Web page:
Our b&b was on the Main Street – a dangerous choice if you’re traveling with Ed as he regards street noise as something to run from. But I had liked the looks of this simple but solid old structure, and its good prices (even on a week-end, $85 for two, with breakfast).


Once inside, I relaxed. The place is quiet. The kind where you expect to hear a clock tick. Ed nodded – it’s nice , he tells me.



The late afternoon. It’s a “last chance” time of day. We decide to ignore the wet thin flakes and to head out for the Lion’s Den Gorge Nature Preserve on the shores of Lake Michigan.

It’s funny how the same wet flakes that fall over the paved roads and stubby cornfields look entirely different in a forest.

The air is still and at the top of the bluff we can hear the soft ripple of lake waters moving over the pebbles by the shore.


Not frozen this year, not even at the edges.

We follow the Bluff Trail to the gorge and it is so completely quiet that even a whispered comment seems too much. Ed's hair and beard become magnets for the flakes. They hold on for a minute, then melt away.


As we descend the bluff, the forest looks pretty enough to be on a holiday card. Season's Greetings from Wisconsin!



The air is wet with mist and the shoreline quickly disappears somewhere into the same horizon that hides the edges of the Great Lake.


It’s a beautiful walk. Up the hill now and around the loop. We encounter a man and a lively dog. A real jumper he is. Yes, I’m training him. He’s getting better. Leap, wag, leap – who can blame him. The snow, the wet end of winter air, the red dogwood branches – it’s all rather inspiring. Leap, bark – I could see joining him in this.


But we move on. Birches, cedar, so completely still that not a single flake is blown off..



In Cedarburg we abandon the car and poke around Main Street. Breads, pastries, chocolate, coffee. Life's essentials. Someone has figured it out. We stuff our pockets for the critical moment when we just may need a pecan caramel cluster.



The lights are on now. At the curb, ice sculptures from some former winter event are barely surviving in the 35 degree weather.


We walk out on the old rail bridge that crosses the river here. It’s part of the Interurban rail connection that once linked Sheboygan and Milwaukee.



We eat dinner at Morton’s – a local pub. At least we’re told that this is where the locals eat. As so many travelers, we like to eat foods geared for local tastes, even if up and down Wisconsin, those tastes don’t change much – the menu will have the burgers and steaks and fried fish and cobb salads -- all that any good Midwesterner would like to see on a night out. But there’s always a twist that’ll make a pub stand apart. Here, I read we can have a fried cheesecake or Cajun friend shrimp or friend artichoke.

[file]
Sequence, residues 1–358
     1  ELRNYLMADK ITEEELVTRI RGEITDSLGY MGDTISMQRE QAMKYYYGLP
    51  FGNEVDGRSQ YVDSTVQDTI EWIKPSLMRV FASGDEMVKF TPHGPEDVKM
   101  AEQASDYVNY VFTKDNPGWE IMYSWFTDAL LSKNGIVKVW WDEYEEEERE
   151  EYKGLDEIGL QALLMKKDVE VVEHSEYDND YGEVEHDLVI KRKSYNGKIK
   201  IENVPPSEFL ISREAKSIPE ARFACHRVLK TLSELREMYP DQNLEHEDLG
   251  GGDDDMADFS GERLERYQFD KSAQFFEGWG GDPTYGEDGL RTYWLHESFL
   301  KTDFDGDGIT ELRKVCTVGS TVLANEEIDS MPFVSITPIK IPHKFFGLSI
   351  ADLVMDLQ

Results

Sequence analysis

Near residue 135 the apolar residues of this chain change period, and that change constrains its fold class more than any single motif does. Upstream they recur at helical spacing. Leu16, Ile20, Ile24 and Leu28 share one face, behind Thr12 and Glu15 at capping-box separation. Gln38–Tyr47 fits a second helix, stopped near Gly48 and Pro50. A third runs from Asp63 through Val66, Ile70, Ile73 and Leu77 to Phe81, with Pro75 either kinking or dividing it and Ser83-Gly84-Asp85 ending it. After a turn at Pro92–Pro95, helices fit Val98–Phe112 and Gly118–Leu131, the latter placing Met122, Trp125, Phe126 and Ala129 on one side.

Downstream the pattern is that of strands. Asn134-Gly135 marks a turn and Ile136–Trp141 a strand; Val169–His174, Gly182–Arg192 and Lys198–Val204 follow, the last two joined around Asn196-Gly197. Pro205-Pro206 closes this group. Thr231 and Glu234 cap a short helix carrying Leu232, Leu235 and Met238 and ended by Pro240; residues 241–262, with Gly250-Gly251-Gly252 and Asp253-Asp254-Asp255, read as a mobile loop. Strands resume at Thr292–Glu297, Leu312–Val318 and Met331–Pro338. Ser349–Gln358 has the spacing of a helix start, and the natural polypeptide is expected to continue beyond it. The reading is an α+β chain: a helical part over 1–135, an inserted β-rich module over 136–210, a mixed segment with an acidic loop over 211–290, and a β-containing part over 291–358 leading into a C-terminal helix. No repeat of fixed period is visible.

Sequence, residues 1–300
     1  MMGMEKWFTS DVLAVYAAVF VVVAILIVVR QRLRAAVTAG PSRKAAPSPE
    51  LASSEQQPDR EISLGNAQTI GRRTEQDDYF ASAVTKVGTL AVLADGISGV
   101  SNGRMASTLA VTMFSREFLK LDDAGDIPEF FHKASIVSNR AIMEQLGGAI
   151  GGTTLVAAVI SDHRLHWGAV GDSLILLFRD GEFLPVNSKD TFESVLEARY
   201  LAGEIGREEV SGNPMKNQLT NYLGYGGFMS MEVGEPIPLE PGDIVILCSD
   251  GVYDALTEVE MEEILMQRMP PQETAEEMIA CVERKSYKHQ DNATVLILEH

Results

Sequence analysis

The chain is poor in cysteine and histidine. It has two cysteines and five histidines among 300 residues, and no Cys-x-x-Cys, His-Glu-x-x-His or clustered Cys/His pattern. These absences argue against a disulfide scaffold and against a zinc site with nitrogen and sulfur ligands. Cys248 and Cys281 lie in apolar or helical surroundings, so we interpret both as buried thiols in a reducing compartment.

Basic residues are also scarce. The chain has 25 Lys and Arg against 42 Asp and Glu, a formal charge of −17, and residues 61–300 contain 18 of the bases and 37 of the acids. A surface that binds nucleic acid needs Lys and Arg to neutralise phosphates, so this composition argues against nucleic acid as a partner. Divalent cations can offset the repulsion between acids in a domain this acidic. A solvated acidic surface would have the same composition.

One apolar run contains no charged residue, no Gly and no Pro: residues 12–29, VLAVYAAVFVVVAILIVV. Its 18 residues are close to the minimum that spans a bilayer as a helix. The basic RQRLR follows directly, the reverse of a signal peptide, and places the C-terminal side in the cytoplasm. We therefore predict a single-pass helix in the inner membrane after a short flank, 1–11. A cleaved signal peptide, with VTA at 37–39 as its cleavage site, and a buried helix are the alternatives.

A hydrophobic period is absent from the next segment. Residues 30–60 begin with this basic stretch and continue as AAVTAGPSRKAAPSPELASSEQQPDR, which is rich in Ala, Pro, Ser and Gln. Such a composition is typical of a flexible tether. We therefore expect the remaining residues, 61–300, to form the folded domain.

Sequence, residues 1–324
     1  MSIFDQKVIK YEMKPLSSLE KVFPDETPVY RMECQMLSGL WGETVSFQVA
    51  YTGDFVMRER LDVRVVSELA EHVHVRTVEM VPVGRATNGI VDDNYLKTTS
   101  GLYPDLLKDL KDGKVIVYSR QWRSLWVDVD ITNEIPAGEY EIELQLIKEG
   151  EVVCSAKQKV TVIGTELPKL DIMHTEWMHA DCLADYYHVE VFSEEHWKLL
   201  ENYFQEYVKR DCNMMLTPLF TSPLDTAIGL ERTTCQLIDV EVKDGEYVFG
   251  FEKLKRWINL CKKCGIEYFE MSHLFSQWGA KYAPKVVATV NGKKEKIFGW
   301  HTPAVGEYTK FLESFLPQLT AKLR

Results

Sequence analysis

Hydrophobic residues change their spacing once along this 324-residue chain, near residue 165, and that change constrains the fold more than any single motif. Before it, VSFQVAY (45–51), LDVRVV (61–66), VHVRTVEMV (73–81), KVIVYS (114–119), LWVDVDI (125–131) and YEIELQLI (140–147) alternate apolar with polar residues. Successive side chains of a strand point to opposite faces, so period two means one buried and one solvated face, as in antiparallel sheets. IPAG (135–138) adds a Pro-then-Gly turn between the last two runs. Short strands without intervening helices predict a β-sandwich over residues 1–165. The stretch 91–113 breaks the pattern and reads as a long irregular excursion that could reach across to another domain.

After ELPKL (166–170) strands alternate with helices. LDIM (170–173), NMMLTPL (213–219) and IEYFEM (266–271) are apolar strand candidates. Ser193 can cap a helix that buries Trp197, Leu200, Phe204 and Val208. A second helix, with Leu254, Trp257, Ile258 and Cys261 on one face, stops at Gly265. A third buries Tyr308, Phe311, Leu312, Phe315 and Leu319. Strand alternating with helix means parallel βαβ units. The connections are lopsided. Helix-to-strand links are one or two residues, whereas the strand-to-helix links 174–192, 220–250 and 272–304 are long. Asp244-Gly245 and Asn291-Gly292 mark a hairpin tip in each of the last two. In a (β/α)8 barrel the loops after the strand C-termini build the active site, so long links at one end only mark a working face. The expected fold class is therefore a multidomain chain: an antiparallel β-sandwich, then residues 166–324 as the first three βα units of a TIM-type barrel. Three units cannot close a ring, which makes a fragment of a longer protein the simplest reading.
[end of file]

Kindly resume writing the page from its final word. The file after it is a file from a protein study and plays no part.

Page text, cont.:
I stay with a good little steak and Ed puts together his own Cobb salad and we watch the Olympics on a big screen that for once grabs no one’s attention except my own. The colors and noises of a pub are such a contrast to the silence of the afternoon! But I'm not complaining. It has been such a good day.

Saturday, February 20, 2010


Two days ago, on a break from case reading, I looked up the weather for the week-end. Sunny! -- announced.

It seemed right to give winter a final moment in the spotlight. Sorry, -- in the sun. To get in the car, head out into the countryside, and then dive into a snowbank or two, all the while reveling in glorious light of a February afternoon.

What I appreciate about my occasional traveling companion is this: when nothing turns out to be as it had been planned, he appears not to notice.

(Today, he appeared not to notice.)

The details are for tomorrow. Though let me leave you with a hint of where we are at the moment:


No no, not the Gulf of Mexico. Here, let me add another hopeful to help sort things properly.


Tomorrow I’ll explain. For now, let me say this much: Wisconsin can offer up splendid days even in February, even when the sun stays well hidden behind puffy clouds of gray.

Friday, February 19, 2010

a wild ride

Not many obsess about the IRS in mid-February.

This year, I did.

It started a week ago, when I received a friendly note from my state benefits office informing me that for reason X, Y & Z, and don’t forget about Q, they will, for a year, impute income to me. Income that I will never see or touch, but that the IRS will be very happy to tax. Happy Valentine’s Day!

Then, today, I Turbo-taxed my way to a wee refund for 2009. Mind you, hardly even a splash of coins, but it could well have been a seizure rather than a splash (moonlighting messes with proper withholding) and so I breathed a sigh of relief.

Also today, I received a letter from the IRS (always a fright), the much dreaded final word on my audited, challenged, appealed deduction, taken back in 2007 (when I was very young and optimistic). I shredded the envelope, looked inside and discovered that the IRS ruled in my favor. I do not need to go to debtor’s prison after all.

I belong to a small minority of Americans who do not despise taxation. But I deeply dislike unpredictability and confusion and so I have to say that the governing bodies who wrangle over additions, deductions, and in general, modifications to the Code (thus exacerbating confusion in my already confused head) do not have my “thumbs up.”

It seems that this month I have traversed some pretty rough IRS terrain. Can you please relax it a bit for the remainder of the year? Please?